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HOUSE Calls: Questions on Wait Times & Sun Screen

March 27, 2012 by Rose Hoban in Featured, HOUSE Calls

This week we respond to questions about wait times at the doctor’s office and sun screen for African Americans.

Dear HOUSE Calls,   
House calls logoWhy are wait times so long at the doctor’s office?

Oh boy, we’ll try to keep this brief. This is a very complicated issue. And when we give you some reasons, you should understand that they are not excuses, and we are always striving to do better in this regard. At UNC Family Medicine we have made great progress with wait time over the last several years.

Your appointment at the doctor’s office is usually booked for 15 to 20 minutes. Some offices try to accommodate patients that are a little late (maybe 10-20 minutes would be typical). Patients are commonly late and this has a cumulative or stacking effect on the clinic session. Also, we try to keep our visits focused, but many patients have a lot of issues that they want to talk about. Sometimes the doctor will be selective, but this can be frustrating to the patient. We will always help with a crisis.

It is common in our clinic to have one or more patients scheduled during a half day with a heart attack, severe depression, severe high blood sugar, suspected labor, or trouble breathing. These sorts of visits are hard to predict and incredibly time consuming, not to mention important!

Also we try to keep our schedules pretty full because about 10-15% of our patients don’t show up for their appointments. Some practices try to mitigate this problem by charging the full fee for missed appointments or discharging repeat offenders from the practice. We want to balance the demands of efficiency with the financial realities of running a practice, and the needs of individual patients.

However, we can do better. We are trying to learn what we can from other industries (airlines, banks, etc.) and feel like there is still a lot of room to do better. We have also started a patient advisory board and continue to hear from patients how to best balance these competing demands.

Dear HOUSE Calls,    
I was wondering what are the best sunscreens for African Americans?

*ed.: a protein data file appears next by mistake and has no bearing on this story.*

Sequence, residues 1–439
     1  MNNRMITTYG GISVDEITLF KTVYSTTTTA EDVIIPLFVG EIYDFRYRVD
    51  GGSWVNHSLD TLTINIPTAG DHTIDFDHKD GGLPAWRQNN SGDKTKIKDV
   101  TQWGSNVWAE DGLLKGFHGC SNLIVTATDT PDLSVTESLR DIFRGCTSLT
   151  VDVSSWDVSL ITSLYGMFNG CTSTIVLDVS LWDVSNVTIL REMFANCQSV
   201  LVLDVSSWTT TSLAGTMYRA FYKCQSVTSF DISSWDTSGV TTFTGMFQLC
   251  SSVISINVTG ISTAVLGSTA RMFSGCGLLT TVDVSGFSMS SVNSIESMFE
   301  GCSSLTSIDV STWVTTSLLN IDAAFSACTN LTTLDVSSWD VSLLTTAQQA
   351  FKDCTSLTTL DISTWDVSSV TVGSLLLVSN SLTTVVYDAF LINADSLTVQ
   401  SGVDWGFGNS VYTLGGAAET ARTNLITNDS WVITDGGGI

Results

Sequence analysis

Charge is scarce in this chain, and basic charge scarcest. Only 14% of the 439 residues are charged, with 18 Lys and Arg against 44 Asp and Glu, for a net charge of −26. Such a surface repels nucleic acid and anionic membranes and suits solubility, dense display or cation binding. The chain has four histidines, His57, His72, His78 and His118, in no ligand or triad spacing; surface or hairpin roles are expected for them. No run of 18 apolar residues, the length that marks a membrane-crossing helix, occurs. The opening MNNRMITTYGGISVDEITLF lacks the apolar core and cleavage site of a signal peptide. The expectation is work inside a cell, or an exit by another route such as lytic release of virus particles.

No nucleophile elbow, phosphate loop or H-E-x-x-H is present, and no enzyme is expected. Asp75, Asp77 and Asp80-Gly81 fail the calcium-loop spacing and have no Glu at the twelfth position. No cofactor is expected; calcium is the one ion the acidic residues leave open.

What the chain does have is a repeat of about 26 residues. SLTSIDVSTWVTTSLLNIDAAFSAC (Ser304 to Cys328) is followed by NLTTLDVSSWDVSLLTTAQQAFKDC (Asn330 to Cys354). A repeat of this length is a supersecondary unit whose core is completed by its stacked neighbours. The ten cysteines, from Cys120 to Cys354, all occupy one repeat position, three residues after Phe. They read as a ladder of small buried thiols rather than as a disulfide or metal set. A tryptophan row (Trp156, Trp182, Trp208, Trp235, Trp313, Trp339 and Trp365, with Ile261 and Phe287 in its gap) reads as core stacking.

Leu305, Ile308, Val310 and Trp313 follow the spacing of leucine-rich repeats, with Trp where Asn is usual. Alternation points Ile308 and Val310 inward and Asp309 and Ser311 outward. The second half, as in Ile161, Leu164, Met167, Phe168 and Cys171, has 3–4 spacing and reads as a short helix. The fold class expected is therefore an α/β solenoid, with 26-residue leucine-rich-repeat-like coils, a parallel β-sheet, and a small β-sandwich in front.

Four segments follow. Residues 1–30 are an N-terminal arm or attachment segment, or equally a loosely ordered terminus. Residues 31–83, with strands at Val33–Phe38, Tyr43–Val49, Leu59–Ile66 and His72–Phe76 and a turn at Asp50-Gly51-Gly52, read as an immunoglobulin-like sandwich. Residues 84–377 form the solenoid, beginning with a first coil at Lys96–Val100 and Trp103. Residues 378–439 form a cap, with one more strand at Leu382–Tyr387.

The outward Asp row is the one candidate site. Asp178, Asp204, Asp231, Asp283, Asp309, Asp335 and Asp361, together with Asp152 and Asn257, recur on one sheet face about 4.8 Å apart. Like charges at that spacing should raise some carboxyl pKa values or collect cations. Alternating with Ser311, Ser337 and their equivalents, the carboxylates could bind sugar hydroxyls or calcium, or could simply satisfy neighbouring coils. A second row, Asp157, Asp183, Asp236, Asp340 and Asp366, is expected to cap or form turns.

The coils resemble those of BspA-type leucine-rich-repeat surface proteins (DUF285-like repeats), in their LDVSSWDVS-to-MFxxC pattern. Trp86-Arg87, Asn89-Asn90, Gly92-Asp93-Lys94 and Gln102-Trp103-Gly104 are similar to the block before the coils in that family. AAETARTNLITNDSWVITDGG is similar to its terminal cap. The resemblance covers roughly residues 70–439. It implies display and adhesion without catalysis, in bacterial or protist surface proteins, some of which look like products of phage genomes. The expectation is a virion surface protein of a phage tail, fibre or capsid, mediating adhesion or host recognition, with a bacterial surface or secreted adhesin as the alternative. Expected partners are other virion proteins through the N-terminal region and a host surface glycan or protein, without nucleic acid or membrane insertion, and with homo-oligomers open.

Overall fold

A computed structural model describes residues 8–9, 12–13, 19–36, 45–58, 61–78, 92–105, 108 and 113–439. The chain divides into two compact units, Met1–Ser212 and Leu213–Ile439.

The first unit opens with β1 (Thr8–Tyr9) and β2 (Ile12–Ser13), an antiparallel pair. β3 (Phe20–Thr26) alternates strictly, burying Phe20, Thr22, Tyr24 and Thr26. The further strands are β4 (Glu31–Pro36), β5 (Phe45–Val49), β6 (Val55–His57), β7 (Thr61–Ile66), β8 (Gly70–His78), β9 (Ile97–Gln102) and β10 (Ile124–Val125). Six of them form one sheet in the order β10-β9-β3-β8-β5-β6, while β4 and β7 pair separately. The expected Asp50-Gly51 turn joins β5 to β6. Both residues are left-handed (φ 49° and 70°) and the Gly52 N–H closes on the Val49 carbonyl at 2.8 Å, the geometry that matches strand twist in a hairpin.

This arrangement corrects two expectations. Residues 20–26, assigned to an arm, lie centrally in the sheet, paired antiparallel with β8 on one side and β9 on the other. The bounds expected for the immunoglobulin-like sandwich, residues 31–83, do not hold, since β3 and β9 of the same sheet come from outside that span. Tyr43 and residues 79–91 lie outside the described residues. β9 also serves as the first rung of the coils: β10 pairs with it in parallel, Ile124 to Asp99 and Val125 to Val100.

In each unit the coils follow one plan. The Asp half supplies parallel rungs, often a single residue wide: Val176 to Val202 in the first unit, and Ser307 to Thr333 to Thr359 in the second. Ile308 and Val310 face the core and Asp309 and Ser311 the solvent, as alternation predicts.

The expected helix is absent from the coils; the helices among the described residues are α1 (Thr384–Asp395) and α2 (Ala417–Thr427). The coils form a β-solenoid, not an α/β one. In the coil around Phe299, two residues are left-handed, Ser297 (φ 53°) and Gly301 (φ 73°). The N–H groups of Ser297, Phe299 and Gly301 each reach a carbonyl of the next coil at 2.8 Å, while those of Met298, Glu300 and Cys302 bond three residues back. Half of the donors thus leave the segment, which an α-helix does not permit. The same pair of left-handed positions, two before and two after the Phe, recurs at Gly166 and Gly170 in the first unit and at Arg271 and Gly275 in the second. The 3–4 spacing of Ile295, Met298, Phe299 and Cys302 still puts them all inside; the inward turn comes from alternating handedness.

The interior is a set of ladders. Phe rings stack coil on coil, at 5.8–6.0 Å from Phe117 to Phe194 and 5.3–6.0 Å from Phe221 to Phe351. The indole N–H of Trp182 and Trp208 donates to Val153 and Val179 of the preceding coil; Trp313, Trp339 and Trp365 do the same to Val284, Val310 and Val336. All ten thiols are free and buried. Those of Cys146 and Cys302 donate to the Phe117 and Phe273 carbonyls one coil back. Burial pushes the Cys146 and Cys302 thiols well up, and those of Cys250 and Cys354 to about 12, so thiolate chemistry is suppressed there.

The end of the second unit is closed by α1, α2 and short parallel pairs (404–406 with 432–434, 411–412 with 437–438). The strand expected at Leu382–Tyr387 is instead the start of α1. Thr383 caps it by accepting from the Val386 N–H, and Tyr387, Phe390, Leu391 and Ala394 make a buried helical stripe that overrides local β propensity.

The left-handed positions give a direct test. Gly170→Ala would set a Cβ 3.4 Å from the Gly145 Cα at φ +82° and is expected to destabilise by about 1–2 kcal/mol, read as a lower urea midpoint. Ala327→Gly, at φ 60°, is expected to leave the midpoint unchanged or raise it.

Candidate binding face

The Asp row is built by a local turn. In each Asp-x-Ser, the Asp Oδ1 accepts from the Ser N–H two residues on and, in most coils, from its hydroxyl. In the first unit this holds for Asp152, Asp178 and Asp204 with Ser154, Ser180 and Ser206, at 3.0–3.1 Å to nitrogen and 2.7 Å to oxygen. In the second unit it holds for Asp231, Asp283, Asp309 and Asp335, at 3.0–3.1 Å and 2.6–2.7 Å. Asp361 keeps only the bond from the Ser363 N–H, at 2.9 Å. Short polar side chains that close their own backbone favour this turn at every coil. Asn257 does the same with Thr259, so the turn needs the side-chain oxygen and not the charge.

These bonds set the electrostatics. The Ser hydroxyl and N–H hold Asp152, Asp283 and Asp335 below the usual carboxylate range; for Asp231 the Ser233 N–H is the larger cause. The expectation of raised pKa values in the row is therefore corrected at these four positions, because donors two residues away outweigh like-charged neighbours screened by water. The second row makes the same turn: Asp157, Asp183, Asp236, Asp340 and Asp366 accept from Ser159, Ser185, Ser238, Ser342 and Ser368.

This is a great question. The short answer is that African Americans and others with darker skin do not need special sunscreens. But it is important to consider because darker skin can burn with prolonged sun exposure and can develop skin cancer.

Just like anybody else, you should choose the sun screen that feels best for your skin type.  Dry skin? Maybe try a cream.  Oily skin? Maybe try a spray or gel. The important thing is that you use the products that protect against UVA and UVB rays.

HOUSE Calls is a weekly column by Dr. Cristy Page, Dr. Adam Zolotor, and Dr. Adam Goldstein on behalf of YOUR HEALTH™ and the UNC Department of Family Medicine.

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About HOUSE Calls
Physicians from the UNC Department of Family Medicine’s YOUR HEALTH™ media bring you weekly information in response to your questions about health and medicine. Send us your questions or comments to YOURHEALTH@unc.edu

The HOUSE Calls staff:

Cristy Page Headshot Dr Cristy Page is an Assistant Professor of Family Medicine at the UNC School of Medicine. A former Morehead scholar, Dr. Page completed degrees in Medicine, Public Health and Family Medicine at UNC. Dr. Page practices full scope family medicine including obstetrics, and she is recognized for important innovations in maternal health, preventive medicine and group well-child care.

Adam Goldstein Headshot Dr. Adam Goldstein is a Professor of Family Medicine at the UNC School of Medicine. As a leading U.S. expert in primary care, Dr. Goldstein has a 20-year history in clinical practice, teaching, and research. He has published over 150 articles, essays, book chapters, and books.

Adam Zolotor Headshot Dr. Adam Zolotor is an Assistant Professor of Family Medicine at the UNC School of Medicine.  Dr. Zolotor Completed his training at the University of Michigan and the University of North Carolina.  He has been in practice for 10 years and and is a nationaly recognized expert in child abuse and child injury prevention.  He directs the Department of Family Medicine maternal and child health services. He is the author of more than 50 articles and book chapters.

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